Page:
WFU entrepreneurship programs garner national acclaim
August 22, 2007
Fortune Small Business magazine has recognized Wake Forest University’s entrepreneurship programs for being among the best in the nation.
In “America’s Best Colleges for Entrepreneurs,” published in the September issue and posted online at money.cnn.com, Wake Forest joins a group of 24 colleges rated best for cross-campus entrepreneurship education and the 26 best graduate business schools for “blending real-world small-business know-how with top academics.” This marks the first time the magazine has compiled the list.
"We are delighted that Wake Forest’s exceptional learning environment for liberal arts and entrepreneurial thinking has been recognized,”Wake Forest Provost Jill Tiefenthaler remarked. “We offer innovative academic programs that encourage our students to link knowledge and experience, to assess resources and opportunities, and to initiate change and generate value — essential capabilities for the 21st century entrepreneur.
About 5 percent of Wake Forest’s undergraduate students during the past academic year enrolled in one or more entrepreneurship courses. And over the past four years, 75 undergraduate faculty members from 24 departments have participated in the entrepreneurship program.
“Our goal is to weave entrepreneurship into the fabric of the university and to make entrepreneurship an integral part of the culture,” explained Elizabeth Gatewood, director of the Office of Entrepreneurship and Liberal Arts. “The distinguishing feature of our entrepreneurship program is that it allows students to pursue a rigorous liberal arts or business education and pursue an education in entrepreneurship that can be tailored to their specific interest or area of academic study.”
That approach is best exemplified by the entrepreneurship program’s motto “any student, any discipline, anytime.” Fortune Small Business writers appreciated the "cross-pollination” this interdisciplinary approach affords students, whether their primary pursuits are in the arts, humanities or sciences.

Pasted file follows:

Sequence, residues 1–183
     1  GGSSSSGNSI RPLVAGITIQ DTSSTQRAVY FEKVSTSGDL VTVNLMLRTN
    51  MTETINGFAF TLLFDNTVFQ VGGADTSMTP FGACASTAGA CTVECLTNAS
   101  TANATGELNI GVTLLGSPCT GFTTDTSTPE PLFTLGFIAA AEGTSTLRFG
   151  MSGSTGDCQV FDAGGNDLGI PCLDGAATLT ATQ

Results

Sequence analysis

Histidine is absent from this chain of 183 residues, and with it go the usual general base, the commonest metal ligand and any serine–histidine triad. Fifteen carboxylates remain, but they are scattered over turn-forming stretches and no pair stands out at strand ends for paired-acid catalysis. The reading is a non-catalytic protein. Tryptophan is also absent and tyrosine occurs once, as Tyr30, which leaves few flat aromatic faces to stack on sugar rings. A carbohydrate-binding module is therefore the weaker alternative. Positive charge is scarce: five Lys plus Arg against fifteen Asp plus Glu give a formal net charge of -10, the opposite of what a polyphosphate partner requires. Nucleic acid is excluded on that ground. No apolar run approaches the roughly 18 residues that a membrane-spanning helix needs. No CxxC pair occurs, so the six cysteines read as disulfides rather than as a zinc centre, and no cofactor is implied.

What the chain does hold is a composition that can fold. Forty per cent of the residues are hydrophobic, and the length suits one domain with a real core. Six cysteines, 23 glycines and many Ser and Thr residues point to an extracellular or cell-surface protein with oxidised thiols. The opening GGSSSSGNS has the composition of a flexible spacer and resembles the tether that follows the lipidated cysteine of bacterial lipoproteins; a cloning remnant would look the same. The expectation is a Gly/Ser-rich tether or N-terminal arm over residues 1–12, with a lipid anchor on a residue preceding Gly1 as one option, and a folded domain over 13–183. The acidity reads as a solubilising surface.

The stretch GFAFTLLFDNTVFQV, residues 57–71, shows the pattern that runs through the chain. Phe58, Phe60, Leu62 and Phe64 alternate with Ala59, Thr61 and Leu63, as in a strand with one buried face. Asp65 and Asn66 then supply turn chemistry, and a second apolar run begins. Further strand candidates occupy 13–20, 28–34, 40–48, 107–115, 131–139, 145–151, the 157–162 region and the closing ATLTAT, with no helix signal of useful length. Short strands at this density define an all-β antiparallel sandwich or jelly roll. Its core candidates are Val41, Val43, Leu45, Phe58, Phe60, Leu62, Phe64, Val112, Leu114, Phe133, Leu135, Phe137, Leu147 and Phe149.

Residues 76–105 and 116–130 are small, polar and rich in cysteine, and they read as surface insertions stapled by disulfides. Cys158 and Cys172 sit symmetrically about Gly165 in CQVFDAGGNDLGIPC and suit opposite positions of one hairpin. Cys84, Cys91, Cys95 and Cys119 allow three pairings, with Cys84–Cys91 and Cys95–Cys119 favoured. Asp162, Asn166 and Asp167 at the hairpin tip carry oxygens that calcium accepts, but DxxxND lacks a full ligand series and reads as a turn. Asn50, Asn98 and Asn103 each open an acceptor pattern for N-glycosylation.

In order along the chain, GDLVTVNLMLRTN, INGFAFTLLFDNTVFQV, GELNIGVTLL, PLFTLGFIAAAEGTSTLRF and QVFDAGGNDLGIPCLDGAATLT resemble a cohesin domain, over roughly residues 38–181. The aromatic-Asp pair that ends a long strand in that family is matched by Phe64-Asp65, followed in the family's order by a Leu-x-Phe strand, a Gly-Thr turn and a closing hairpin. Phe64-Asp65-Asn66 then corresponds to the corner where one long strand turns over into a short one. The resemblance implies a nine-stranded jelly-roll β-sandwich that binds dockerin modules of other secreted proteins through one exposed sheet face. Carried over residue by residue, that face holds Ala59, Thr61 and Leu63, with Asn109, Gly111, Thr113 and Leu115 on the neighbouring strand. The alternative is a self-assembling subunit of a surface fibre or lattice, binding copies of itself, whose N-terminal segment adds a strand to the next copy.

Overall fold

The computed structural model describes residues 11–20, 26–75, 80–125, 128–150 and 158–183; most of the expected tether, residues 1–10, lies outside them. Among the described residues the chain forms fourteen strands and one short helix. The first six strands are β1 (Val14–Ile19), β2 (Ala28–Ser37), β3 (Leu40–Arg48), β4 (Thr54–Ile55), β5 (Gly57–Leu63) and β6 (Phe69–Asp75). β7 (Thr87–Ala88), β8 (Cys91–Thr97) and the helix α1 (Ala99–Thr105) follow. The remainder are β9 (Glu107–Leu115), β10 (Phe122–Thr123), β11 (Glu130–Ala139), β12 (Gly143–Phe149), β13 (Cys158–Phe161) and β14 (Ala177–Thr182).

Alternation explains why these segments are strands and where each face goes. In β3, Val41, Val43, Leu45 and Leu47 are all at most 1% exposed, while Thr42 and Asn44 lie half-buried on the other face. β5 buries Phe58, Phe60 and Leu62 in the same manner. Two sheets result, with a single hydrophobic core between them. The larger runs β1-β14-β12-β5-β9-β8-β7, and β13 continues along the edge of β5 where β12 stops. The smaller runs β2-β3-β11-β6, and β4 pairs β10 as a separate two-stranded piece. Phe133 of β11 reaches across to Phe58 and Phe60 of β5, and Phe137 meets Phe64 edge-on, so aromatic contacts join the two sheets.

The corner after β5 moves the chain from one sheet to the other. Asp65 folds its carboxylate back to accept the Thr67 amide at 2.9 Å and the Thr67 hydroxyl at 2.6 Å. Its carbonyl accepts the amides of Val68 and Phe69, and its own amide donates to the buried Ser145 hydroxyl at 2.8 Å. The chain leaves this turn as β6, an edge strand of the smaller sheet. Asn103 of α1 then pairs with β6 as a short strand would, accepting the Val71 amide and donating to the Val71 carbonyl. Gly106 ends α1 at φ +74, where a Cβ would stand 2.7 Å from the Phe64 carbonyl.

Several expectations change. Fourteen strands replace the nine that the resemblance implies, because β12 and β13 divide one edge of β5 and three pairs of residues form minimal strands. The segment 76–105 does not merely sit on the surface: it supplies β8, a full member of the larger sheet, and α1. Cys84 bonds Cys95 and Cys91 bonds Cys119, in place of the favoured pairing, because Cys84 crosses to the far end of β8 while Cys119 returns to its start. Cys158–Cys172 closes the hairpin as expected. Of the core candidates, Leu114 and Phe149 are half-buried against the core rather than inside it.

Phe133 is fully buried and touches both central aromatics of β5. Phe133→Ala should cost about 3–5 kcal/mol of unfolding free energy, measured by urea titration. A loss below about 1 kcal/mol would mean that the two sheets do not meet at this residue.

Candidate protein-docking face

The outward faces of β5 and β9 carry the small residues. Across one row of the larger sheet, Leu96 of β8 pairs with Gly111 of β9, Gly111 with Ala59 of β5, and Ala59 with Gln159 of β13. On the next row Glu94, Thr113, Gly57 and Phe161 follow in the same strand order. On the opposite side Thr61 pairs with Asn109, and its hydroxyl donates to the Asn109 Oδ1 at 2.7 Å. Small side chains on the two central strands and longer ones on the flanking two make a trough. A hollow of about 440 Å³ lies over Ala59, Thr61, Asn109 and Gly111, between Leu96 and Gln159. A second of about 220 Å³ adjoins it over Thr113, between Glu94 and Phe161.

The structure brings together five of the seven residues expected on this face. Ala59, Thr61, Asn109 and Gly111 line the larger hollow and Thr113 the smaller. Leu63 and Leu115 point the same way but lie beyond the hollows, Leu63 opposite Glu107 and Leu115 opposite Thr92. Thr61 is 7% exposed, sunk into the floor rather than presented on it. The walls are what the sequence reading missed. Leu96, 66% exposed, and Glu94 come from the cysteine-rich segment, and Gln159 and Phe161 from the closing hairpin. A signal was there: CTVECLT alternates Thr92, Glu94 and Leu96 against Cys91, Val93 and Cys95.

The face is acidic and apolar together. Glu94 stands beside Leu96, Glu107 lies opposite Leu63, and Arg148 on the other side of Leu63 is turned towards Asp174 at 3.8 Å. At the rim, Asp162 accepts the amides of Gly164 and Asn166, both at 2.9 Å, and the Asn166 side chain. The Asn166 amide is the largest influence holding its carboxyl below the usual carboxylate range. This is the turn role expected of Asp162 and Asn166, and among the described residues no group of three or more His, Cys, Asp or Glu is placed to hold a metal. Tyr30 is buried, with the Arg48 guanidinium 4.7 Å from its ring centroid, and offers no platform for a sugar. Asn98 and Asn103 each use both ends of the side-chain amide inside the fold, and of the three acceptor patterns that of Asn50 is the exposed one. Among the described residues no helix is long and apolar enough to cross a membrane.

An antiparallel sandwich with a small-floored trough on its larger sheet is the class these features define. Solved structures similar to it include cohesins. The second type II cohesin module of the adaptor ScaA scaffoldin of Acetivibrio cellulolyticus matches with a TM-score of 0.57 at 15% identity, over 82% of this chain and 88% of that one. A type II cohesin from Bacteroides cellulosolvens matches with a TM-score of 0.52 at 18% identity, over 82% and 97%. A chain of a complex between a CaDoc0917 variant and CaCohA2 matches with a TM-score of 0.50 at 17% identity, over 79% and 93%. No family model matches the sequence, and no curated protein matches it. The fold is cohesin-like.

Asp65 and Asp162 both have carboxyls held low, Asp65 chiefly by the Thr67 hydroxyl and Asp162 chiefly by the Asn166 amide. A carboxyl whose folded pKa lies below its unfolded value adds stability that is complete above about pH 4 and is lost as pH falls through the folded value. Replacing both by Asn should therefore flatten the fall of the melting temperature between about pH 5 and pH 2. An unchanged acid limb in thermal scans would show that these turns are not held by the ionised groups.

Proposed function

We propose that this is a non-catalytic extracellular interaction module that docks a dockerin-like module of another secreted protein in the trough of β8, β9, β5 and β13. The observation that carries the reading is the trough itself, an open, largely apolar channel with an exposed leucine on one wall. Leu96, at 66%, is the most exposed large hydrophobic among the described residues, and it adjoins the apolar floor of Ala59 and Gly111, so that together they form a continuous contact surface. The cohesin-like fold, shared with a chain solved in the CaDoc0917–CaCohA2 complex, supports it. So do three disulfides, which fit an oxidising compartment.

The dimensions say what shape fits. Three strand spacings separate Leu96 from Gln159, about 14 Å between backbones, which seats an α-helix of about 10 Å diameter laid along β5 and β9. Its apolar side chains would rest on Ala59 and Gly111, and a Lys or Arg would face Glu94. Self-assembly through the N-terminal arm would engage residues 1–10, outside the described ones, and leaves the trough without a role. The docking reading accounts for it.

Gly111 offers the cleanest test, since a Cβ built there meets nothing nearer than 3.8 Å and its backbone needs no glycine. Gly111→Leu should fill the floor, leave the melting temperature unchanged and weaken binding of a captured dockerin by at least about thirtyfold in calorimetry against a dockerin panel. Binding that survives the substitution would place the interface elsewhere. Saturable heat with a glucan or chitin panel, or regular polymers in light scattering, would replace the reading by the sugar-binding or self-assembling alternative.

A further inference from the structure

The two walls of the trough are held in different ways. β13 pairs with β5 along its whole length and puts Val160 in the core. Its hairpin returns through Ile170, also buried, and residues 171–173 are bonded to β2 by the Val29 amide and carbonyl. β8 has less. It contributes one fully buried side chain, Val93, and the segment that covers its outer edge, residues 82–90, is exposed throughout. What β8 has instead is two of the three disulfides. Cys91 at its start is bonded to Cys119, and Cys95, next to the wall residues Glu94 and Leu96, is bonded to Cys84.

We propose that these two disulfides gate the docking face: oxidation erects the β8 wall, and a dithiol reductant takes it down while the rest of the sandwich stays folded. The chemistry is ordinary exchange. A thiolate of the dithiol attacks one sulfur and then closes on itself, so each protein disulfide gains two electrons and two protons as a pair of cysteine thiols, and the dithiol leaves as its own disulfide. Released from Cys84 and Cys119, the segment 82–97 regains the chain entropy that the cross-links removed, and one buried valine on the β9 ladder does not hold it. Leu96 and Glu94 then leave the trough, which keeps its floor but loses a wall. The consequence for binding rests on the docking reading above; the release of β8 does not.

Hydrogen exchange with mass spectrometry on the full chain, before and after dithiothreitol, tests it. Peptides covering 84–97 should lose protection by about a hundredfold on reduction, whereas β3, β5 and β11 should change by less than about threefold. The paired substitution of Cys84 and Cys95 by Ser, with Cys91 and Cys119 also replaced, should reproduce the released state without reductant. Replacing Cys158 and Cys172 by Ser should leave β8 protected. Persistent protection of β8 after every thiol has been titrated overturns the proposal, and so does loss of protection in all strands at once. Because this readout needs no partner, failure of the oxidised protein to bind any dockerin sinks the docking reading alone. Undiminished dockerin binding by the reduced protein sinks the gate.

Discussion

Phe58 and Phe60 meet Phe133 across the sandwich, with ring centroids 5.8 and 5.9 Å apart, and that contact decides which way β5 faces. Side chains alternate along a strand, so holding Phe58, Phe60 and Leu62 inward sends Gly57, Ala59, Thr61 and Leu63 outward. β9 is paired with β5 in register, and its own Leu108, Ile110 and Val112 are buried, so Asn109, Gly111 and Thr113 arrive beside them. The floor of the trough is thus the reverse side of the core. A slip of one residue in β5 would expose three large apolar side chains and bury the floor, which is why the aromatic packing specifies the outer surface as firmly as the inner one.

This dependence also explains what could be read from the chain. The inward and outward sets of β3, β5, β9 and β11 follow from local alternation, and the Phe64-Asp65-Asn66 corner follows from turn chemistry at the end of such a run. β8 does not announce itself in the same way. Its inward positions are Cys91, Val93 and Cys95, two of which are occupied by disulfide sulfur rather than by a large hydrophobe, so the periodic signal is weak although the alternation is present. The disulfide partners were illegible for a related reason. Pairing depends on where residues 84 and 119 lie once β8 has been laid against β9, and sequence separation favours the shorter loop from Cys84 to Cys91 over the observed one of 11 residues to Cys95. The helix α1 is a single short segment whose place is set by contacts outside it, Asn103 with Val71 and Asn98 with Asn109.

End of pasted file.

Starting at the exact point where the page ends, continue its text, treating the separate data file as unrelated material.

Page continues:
At the Babcock Graduate School of Management, where more than a third of full-time students are members of the Babcock Entrepreneurs Club, more than 90 percent of the school’s full-time students take an entrepreneurship elective and 70 percent take two or more. The school’s emphasis on entrepreneurship is the second most popular reason students cite for enrolling, said Stan Mandel, director of the Angell Center for Entrepreneurship.
"We practice entrepreneurship in the design and delivery of our programs,” Mandel said. “We are making the curriculum richer and more relevant for our students by concentrating on diversity in the classroom and providing exciting experiences outside it where students can pursue interests about which they are passionate.”
Innovative courses accommodate students studying law, medicine, accounting and post-doctoral arts and sciences, while internships create practical opportunities that range from social entrepreneurship to regenerative medicine.
The staff at Fortune Small Business developed the listings, which are not ranked numerically, by conducting in-depth interviews over seven months with hundreds of entrepreneurs, professors, students, alumni, university administrators and venture capitalists.
According to the nonprofit Ewing Marion Kauffman Foundation, nearly 3,000 schools today offer classes in entrepreneurship, a tenfold increase since the mid-1980s. A $2 million multi-year grant from the Kauffman Foundation has helped support entrepreneurship programs at Wake Forest since 2003.